To decrease the costs of photovoltaics-generated electricity below $1/Wp installed, the 2012 International Technology Roadmap for Photovoltaics (ITRPV) calls for thinner silicon substrates, less silver metallization per cell, and reduced recombination losses at the front and rear, with cell efficiencies for crystalline silicon between 20% and 24% by 2020. The roadmap emphasizes the need for new cell concepts suitable for achieving high efficiencies on thin wafers. Schottky barrier junction cells can provide both simplified low temperature processing and high efficiencies when Fermi level pinning at the metal-semiconductor interface is prevented. Only recently have both knowledge and processing techniques emerged that result in measured record-high Schottky barrier heights that reflect the known work function differences between metals and silicon. It therefore becomes possible to explore application of these techniques to create an interdigitated back point contact Schottky barrier based silicon solar cell with efficiency greater than 20% and target demonstrating laboratory cells with a process compatible with high volume solar cell manufacturing. This project will elucidate how the atomic-scale modification of the metal-silicon interface affects carrier transport and surface recombination velocity and determining through both experiments and device modeling how this knowledge can be translated into a high efficiency Schottky barrier solar cell with a simplified manufacturing process. This is a new solar cell structure which has been envisioned for decades, but only recently the science and technology have advanced to enable its demonstration. The research is a blend of materials science and electrical engineering with importance in both academia and industry.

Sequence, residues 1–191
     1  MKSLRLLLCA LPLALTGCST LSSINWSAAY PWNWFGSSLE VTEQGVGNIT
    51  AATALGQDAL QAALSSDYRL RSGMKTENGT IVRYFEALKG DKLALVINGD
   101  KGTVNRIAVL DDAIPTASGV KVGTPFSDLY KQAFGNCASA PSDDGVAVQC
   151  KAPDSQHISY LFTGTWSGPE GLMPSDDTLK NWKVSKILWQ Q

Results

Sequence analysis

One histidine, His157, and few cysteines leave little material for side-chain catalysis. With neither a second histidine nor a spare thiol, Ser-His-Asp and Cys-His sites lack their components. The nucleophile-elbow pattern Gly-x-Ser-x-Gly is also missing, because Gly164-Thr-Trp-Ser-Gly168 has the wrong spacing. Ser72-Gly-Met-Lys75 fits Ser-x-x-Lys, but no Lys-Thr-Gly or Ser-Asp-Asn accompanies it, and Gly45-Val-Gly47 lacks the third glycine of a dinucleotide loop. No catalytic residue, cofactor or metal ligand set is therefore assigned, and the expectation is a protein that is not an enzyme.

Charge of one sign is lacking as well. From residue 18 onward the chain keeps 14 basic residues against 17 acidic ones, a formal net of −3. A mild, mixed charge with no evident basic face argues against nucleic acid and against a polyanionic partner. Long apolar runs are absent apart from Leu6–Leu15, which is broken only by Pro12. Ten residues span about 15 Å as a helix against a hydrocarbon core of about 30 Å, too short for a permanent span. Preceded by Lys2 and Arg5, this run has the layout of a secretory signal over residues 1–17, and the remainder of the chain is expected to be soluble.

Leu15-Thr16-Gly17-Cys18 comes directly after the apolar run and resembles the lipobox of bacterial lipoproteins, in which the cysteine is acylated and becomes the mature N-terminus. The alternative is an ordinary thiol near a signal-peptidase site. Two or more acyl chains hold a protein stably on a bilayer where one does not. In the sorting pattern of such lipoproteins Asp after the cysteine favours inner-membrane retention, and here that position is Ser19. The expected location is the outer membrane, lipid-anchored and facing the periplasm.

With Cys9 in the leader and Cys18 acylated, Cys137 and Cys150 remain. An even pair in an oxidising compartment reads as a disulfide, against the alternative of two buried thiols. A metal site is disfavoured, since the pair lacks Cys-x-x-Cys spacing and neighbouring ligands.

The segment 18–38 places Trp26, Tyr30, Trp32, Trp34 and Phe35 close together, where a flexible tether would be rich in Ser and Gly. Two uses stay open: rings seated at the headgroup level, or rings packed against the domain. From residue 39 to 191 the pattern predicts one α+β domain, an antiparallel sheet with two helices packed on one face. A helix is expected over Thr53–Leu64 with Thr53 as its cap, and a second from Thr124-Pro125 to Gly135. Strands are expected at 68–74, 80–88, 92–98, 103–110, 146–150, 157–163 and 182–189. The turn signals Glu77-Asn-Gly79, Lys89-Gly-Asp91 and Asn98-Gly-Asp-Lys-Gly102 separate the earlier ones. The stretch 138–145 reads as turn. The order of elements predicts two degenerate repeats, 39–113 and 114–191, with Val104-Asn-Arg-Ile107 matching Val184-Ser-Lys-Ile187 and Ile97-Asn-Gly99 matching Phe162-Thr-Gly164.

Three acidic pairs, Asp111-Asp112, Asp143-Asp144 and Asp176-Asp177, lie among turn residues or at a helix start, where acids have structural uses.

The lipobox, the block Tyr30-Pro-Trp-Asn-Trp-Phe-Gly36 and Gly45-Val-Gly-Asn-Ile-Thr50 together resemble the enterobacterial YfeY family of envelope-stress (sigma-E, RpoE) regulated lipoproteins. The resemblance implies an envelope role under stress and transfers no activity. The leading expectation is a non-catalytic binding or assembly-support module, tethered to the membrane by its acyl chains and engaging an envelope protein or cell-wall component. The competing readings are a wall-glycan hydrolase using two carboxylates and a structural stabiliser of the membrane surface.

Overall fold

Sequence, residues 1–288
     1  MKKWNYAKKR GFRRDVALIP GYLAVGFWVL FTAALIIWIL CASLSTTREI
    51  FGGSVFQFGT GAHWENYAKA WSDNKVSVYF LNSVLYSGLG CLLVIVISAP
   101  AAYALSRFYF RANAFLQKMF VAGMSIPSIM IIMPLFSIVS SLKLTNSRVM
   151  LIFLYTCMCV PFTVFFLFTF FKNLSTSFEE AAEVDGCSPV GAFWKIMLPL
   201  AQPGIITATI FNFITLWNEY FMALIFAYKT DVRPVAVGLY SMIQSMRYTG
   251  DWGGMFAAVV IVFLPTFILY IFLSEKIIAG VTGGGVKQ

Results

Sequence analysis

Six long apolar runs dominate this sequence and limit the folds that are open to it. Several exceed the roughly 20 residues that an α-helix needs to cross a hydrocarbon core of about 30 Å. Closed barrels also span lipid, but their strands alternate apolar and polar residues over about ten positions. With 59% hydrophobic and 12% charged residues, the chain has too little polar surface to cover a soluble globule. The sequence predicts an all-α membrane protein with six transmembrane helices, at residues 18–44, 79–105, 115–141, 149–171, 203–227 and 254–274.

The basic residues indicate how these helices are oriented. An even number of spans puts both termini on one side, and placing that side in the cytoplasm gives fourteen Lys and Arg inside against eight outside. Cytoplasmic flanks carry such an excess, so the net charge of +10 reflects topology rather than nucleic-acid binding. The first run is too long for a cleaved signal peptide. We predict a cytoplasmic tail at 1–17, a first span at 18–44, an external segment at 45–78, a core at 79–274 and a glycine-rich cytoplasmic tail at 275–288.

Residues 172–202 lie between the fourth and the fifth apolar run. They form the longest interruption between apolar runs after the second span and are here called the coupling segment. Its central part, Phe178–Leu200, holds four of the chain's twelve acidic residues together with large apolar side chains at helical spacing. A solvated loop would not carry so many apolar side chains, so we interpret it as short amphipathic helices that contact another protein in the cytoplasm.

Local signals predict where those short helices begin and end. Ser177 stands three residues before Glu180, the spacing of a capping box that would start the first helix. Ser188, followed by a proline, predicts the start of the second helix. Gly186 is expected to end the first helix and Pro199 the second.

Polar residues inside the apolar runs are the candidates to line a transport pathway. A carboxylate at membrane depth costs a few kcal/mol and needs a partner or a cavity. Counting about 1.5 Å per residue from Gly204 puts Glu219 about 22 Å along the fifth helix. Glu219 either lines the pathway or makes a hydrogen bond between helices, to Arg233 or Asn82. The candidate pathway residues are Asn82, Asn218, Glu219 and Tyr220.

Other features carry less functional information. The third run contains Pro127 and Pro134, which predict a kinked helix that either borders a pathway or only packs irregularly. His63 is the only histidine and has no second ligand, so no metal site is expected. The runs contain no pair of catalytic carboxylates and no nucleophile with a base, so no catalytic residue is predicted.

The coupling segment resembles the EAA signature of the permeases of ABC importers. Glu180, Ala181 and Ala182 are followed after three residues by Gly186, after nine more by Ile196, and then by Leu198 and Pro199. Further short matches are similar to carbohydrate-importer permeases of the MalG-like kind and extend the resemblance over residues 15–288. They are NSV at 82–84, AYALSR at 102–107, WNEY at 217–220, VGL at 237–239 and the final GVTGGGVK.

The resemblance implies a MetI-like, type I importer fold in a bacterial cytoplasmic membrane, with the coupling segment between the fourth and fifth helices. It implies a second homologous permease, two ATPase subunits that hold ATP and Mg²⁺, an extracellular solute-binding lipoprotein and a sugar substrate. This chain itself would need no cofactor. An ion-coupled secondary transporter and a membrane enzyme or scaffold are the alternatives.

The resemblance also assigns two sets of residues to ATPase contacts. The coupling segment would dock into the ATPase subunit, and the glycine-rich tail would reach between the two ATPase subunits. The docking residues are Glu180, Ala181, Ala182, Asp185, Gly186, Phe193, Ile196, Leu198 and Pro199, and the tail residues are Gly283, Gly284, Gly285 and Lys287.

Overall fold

The demonstration of a simplified single junction silicon solar cell will help enable silicon photovoltaics to become a major part of the solution to the world?s energy problem. In conjunction with the NSF-DOE ERC for Quantum Energy and Sustainable Solar Technologies (QESST) at ASU, this project will have a clear path for industry input and technology transfer through our industry partners. In addition the project will make a targeted effort to increase the representation of American Indians in science and engineering as well as increase the awareness of local Arizona tribes on photovoltaic technologies.